Dungeon exploration game movement rules generally assume you are:
- trying to move quietly
- trying to map
- try to spot hidden danger or hidden anything
Let's talk about that first one, moving quietly - and more broadly, how do you sneak in a dungeon?
It seems like most people assume - for surprise, for wandering monsters, and especially for their own characters, that they're moving pretty quietly, stealthily, and generally make it hard to detect them. Not only that, but that they can see and hear pretty far themselves. How true is all of that?
How easy is it to move through an underground tunnel quietly?
"A base movement rate of 120' in 10 minutes may seem slow, but it assumes that the players are mapping carefully, searching, and trying to be quiet."
- Dungeons & Dragons Basic Rulebook, ed. Tom Moldvay, p. B19
Moldvay pegs you at a movement rate of 1 yard every 15 seconds, which is pretty slow if you think about it - it's not a march, it's a very quiet and slow movement rate. Presumably, it's abstracted between speeds much like a lot of D&D is abstracted - overall, you get 120' every 10 minutes, which includes some quicker movement and stopping to look at things and draw your map. So you aren't burning along at a high pace, you're trying to be quiet. No word on how far that sound carries, that I can find anyway.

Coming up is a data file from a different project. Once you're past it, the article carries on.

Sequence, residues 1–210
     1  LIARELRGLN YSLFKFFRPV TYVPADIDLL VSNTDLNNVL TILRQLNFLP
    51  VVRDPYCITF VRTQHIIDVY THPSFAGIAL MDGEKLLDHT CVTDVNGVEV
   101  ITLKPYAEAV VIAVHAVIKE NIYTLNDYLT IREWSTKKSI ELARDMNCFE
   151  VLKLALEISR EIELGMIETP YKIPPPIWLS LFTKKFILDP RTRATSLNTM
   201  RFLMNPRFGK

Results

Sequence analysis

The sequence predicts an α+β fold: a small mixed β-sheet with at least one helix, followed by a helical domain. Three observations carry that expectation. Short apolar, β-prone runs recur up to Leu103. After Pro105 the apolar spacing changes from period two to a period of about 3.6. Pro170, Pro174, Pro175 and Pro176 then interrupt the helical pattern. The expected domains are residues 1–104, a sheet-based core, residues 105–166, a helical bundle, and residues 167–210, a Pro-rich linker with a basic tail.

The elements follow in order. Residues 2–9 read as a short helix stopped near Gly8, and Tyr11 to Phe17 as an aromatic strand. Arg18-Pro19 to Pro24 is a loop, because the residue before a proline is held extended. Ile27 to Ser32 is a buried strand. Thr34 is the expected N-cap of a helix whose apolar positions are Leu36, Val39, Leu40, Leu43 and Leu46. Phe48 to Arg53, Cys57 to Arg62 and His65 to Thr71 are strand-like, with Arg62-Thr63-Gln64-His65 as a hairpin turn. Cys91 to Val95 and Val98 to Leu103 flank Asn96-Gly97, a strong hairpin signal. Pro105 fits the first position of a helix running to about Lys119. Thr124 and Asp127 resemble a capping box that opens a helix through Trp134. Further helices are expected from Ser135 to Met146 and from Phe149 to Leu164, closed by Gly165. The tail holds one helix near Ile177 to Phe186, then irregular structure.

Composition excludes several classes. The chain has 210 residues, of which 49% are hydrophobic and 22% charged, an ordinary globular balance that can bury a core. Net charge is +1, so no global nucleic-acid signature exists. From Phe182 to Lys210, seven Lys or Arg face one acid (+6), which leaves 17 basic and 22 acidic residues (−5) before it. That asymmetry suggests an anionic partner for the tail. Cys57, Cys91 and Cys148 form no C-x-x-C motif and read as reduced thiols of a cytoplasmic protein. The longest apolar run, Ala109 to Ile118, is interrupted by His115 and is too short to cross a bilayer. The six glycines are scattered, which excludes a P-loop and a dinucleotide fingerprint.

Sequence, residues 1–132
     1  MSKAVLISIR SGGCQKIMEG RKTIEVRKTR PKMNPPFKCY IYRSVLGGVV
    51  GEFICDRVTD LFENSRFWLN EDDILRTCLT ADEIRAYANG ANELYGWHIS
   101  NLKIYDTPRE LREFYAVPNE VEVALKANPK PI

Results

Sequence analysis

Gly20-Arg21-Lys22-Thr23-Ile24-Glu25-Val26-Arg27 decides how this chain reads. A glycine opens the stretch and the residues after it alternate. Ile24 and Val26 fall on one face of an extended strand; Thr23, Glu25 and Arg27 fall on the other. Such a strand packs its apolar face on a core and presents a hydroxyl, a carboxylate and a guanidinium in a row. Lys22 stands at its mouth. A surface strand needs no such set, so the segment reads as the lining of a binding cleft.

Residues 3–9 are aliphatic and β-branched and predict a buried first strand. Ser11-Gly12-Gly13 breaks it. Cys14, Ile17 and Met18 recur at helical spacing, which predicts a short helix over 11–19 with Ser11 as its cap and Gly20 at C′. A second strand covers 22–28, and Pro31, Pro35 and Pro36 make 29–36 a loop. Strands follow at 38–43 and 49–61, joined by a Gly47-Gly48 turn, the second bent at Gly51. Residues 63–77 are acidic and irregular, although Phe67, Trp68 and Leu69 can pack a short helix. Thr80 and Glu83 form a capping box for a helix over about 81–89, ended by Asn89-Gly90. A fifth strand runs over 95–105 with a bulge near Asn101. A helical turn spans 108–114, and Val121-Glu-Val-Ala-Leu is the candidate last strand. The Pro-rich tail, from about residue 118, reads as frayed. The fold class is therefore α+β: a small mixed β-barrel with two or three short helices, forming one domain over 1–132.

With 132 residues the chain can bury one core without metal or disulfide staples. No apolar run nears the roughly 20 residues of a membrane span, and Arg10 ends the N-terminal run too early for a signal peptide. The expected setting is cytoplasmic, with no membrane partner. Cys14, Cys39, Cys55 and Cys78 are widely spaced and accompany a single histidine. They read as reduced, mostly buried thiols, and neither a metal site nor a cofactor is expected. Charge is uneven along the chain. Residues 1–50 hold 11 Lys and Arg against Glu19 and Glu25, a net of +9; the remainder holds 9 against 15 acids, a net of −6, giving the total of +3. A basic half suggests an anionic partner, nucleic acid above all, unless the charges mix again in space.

AD&D is a little more harsh. The DMG implies you're making some noise - thieves move at the normal rate silently if they make their Moving Silently check (well, if the GM does). Special versions of the Ring of Invisibility make you silent, too - as do Boots of Elvenkind. But heavy gear can make you noisy, and light get singled out as easy to spot under discussion of pursuit:
NOISE: Characters in metal armor can be heard for 90', hard boots can be heard at 60', relatively quiet movement can be
heard at 30'."
- AD&D Dungeon Masters Guide, Gary Gygax, p. 68
So you can only be heard out to 30' if you're quiet, out to 60' clicking along in those hard boots you bought, and out to 90' if you're in metal armor - mail and plate wearers, look out.
No surprise, GURPS addresses this sort of thing directly, with a (pretty easy) rule for hearing distance. GURPS Underground Adventures has some more general rules for this sort of thing - specifically how far sound and light carry in an underground setting. Not surprisingly, sound can carry pretty damn far. Stone makes it echo, which can make localizing the sound hard (-2 to the roll in GURPS, per Underground Adventures p. 10) but tunnels carry the sound along pretty well.